After implementing stricter privacy laws in 2018, Canada has joined a number of countries with a shifting mentality regarding privacy rights. Individuals are becoming more aware of the information they are disclosing. Users of applications and services are becoming more cognizant of what data they are providing to organizations and more curious about how that information is being used. For the first time, people are paying close attention to what businesses are using their information for and expect that businesses will be transparent in their privacy policies.
Last week, the Office of the Privacy Commissioner of Canada released a report after conducting a lengthy investigation into Facebook. In sum, the report found that Facebook contravened Canadian privacy laws and failed to take responsibility for protecting the personal information of Canadians. The release noted that Facebook’s privacy framework was “empty” and their “vague terms were so elastic that they were not meaningful for privacy protection”. Part of the investigation revealed that an app called “This is Your Digital Life”, which was used by around 300,000 Facebook users around the world, potentially disclosed the personal information of approximately 87 million users, 600,000 of which were Canadian. The report revealed that Federal and British Columbia privacy laws were violated including unauthorized access (which included superficial and ineffective safeguards), lack of meaningful consent, no proper oversight over privacy practices, and an overall lack of responsibility for personal information.
More shocking than the findings was Facebook’s response to the reports and the recommendations contained therein. Facebook denied that they contravened privacy legislation and rejected the findings and recommendations. This response fueled the claim that Facebook lacks responsibility, especially considering that a 2009 Investigative Report, which largely revealed similar issues, proposed mechanisms to mitigate risk of unauthorized access and use of Canadians’ personal information – recommendations that were seemingly ignored by the organization. Interestingly, a March 2019 Edison Research Infinite Dial Report revealed that Facebook lost around 15 million active users since 2017 (6% of its active users).1 This may be in part as a result of the negative publicity the company has been receiving due to its handling of users’ personal information (the Cambridge Analytica Scandal for example).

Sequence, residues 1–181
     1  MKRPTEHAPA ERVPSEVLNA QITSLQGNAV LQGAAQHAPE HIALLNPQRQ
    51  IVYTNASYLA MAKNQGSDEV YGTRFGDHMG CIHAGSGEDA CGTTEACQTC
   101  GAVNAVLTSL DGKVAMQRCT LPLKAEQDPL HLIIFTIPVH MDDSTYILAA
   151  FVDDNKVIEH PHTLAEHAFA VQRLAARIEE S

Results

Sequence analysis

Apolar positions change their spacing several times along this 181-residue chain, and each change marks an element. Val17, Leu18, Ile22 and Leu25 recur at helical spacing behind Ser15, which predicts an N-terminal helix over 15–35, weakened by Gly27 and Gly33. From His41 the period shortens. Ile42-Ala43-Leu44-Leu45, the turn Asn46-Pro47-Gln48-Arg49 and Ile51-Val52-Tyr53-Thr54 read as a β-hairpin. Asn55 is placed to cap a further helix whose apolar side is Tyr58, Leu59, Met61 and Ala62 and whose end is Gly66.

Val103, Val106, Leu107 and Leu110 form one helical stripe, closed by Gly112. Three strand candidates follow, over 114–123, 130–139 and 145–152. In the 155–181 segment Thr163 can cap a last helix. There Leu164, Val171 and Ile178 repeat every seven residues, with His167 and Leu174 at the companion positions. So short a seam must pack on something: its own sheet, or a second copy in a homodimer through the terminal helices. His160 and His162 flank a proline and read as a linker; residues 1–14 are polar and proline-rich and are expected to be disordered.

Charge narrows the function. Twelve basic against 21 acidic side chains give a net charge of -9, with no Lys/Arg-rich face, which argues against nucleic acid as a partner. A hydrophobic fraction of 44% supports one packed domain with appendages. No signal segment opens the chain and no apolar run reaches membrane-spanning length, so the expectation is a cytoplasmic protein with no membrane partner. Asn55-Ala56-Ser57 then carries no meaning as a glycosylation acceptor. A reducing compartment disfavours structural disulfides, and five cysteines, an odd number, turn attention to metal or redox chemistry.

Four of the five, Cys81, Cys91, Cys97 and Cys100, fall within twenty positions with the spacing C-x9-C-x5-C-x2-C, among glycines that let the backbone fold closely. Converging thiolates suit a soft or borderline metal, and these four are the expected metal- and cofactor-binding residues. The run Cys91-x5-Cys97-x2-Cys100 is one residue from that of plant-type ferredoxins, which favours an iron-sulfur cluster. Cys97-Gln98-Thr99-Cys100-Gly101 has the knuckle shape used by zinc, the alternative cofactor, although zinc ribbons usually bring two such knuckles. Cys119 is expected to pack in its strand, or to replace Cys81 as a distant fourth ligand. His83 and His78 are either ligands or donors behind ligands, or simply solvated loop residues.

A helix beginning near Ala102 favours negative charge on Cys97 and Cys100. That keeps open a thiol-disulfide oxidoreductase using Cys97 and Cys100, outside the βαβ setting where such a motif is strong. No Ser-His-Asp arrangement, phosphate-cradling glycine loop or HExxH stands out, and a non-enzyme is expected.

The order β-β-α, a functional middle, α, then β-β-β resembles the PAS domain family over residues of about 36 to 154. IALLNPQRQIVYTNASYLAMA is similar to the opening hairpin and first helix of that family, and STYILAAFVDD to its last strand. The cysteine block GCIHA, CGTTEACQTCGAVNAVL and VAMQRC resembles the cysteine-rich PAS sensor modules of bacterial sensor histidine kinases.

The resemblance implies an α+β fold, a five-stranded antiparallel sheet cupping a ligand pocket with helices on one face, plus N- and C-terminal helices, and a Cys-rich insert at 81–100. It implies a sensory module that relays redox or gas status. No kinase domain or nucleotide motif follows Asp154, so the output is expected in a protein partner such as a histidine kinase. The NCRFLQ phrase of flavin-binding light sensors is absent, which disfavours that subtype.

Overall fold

One issue that Facebook’s reception of the report revealed was that the amendments in PIPEDA appear to lacks teeth. For instance, PIPEDA does not make a Privacy Commissioner’s recommendations mandatory, nor does the legislation grant a Commissioner the power to issue an order. This, however, does not stop the Office of the Privacy Commissioner of Canada from bringing an application to the Federal Court to compel Facebook to correct its privacy practices. This process, however, will likely be lengthy and it is currently unclear whether any Commissioner will take this step.
- What information is needed for the organization to provide the service they are undertaking?
- Who has access to that data?
- How is that data handled (shared and used)?
- How and how often is the data destroyed?
It is without doubt that the Privacy Commissioners throughout Canada will be lobbying to make PIPEDA more aggressive including providing executive power to the entities tasked with protecting the privacy rights of Canadians. Until that time comes, users will make their voices heard by giving their business to organizations that are more conscious about data use. In order to achieve greater success in this realm, organizations must be more transparent in their privacy policies and take a more conscious approach to data use than they have in the past.
To see the full report, please visit:
Once the target of an unsuccessful phishing scam, Stas is a key part of SBA’s cyber liability and privacy group providing services ranging from assessments and prevention to crisis response.